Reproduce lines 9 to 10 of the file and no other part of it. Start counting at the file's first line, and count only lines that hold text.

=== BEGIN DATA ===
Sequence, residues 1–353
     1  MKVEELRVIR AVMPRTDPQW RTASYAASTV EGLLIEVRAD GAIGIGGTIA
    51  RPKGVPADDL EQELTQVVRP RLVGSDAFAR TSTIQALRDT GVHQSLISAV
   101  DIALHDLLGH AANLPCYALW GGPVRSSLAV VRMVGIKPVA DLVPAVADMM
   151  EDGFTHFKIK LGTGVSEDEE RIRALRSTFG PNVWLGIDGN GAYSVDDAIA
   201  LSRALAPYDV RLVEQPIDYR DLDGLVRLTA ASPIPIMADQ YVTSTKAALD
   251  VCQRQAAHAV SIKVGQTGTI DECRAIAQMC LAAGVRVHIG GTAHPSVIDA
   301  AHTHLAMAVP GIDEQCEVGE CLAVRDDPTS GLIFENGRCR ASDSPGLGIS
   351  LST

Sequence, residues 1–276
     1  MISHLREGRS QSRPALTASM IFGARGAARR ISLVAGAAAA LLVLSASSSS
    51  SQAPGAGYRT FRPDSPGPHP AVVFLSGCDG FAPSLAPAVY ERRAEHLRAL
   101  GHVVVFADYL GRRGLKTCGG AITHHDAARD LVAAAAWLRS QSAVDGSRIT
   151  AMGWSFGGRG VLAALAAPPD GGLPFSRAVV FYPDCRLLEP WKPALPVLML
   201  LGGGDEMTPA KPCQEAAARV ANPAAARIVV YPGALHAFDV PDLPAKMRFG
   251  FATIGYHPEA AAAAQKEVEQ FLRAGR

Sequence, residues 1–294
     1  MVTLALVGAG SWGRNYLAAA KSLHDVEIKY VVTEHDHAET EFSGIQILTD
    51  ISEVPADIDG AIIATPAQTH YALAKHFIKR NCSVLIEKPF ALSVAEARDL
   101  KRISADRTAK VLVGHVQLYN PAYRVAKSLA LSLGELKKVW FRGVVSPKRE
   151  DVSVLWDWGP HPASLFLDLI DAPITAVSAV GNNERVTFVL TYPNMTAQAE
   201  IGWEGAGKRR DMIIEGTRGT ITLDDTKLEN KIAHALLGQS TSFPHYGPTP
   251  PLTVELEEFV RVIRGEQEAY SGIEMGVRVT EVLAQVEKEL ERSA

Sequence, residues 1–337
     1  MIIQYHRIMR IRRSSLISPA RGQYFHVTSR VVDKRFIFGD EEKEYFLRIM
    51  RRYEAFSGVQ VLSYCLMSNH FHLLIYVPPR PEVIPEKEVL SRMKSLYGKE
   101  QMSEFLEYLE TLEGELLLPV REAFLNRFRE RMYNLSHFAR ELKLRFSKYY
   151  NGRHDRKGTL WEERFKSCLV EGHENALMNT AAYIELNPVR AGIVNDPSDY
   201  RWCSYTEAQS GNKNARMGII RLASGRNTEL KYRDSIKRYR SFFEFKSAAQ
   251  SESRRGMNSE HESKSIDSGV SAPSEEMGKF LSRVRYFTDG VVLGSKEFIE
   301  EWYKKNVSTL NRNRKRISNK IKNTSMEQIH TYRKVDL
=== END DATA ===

   351  LST

Sequence, residues 1–276